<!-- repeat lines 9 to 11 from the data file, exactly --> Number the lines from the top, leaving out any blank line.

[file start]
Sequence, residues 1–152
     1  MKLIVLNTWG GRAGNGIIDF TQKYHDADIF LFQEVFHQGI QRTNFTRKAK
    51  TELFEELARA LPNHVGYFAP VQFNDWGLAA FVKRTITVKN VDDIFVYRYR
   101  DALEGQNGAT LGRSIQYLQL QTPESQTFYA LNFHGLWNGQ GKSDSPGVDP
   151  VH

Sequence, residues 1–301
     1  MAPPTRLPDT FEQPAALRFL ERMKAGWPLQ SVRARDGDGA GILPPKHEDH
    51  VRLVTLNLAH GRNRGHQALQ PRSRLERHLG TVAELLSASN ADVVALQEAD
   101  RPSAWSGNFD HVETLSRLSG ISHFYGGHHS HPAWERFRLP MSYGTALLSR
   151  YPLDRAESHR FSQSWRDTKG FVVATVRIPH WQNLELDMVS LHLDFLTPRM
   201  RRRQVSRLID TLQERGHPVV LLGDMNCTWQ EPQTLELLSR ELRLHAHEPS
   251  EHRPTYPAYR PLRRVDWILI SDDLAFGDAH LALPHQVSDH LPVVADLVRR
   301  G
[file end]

   101  RPSAWSGNFD HVETLSRLSG ISHFYGGHHS HPAWERFRLP MSYGTALLSR
   151  YPLDRAESHR FSQSWRDTKG FVVATVRIPH WQNLELDMVS LHLDFLTPRM
   201  RRRQVSRLID TLQERGHPVV LLGDMNCTWQ EPQTLELLSR ELRLHAHEPS